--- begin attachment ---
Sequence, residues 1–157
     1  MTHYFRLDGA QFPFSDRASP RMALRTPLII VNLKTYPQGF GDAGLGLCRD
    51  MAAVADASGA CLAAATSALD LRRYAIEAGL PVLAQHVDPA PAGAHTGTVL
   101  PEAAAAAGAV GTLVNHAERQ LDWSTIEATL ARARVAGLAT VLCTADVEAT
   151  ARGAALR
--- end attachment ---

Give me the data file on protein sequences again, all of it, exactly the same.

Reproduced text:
Sequence, residues 1–157
     1  MTHYFRLDGA QFPFSDRASP RMALRTPLII VNLKTYPQGF GDAGLGLCRD
    51  MAAVADASGA CLAAATSALD LRRYAIEAGL PVLAQHVDPA PAGAHTGTVL
   101  PEAAAAAGAV GTLVNHAERQ LDWSTIEATL ARARVAGLAT VLCTADVEAT
   151  ARGAALR